Two recently approved gene therapies sit atop this list, with Novartis’ Zolgensma crowned the king of the priciest drugs at $2.1 million. Right below is Luxturna, the $850,000 pioneer from Spark, which Roche is pushing hard to acquire as it adds a gene therapy group to the global mix.

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News­mak­ers at #EHA19: Re­gen­eron, Ar­Qule track progress on re­sponse rates

Re­gen­eron’s close­ly-watched bis­pe­cif­ic con­tin­ues to ring up high re­sponse rates

Re­gen­eron’s high-pro­file bis­pe­cif­ic REGN1979 is back in the spot­light at the Eu­ro­pean Hema­tol­ogy As­so­ci­a­tion sci­en­tif­ic con­fab. And while the stel­lar num­bers we saw at ASH have erod­ed some­what as more blood can­cer pa­tients are eval­u­at­ed, the re­sponse rates for this CD3/CD20 drug re­main high.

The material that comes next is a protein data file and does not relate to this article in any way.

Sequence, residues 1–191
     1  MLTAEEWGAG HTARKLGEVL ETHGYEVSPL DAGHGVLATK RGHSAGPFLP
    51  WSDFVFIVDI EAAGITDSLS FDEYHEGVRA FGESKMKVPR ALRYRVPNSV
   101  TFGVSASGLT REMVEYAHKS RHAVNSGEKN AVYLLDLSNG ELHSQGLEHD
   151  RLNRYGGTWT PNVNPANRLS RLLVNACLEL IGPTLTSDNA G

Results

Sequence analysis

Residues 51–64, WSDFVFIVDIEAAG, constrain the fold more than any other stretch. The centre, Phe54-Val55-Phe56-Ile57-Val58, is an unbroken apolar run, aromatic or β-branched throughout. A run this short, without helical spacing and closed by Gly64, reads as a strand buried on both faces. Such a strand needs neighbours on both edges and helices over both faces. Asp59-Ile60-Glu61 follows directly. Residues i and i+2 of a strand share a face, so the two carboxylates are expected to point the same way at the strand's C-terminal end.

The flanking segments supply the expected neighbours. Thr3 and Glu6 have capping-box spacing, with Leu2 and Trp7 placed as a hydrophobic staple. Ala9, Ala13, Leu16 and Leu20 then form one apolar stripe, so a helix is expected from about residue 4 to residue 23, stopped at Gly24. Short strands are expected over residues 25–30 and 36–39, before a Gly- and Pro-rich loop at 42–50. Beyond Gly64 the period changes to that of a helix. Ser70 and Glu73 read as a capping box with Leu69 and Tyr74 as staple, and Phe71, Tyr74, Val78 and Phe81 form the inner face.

A to­tal of 13 out of 14 fol­lic­u­lar lym­phomas re­spond­ed to the drug, a 93% ORR, down from 100% at the last read­out. In 10 out of 14, there was a com­plete re­sponse. In dif­fuse large B-cell lym­phoma the re­sponse rate was 57% among pa­tients treat­ed at the 80 mg to 160 mg dose range. They were all com­plete re­spons­es. And 2 of these Cars were for pa­tients who had failed CAR-T ther­a­py.


Glob­al Blood Ther­a­peu­tics poised to sub­mit ap­pli­ca­tion for ac­cel­er­at­ed ap­proval, with new piv­otal da­ta on its sick­le cell dis­ease drug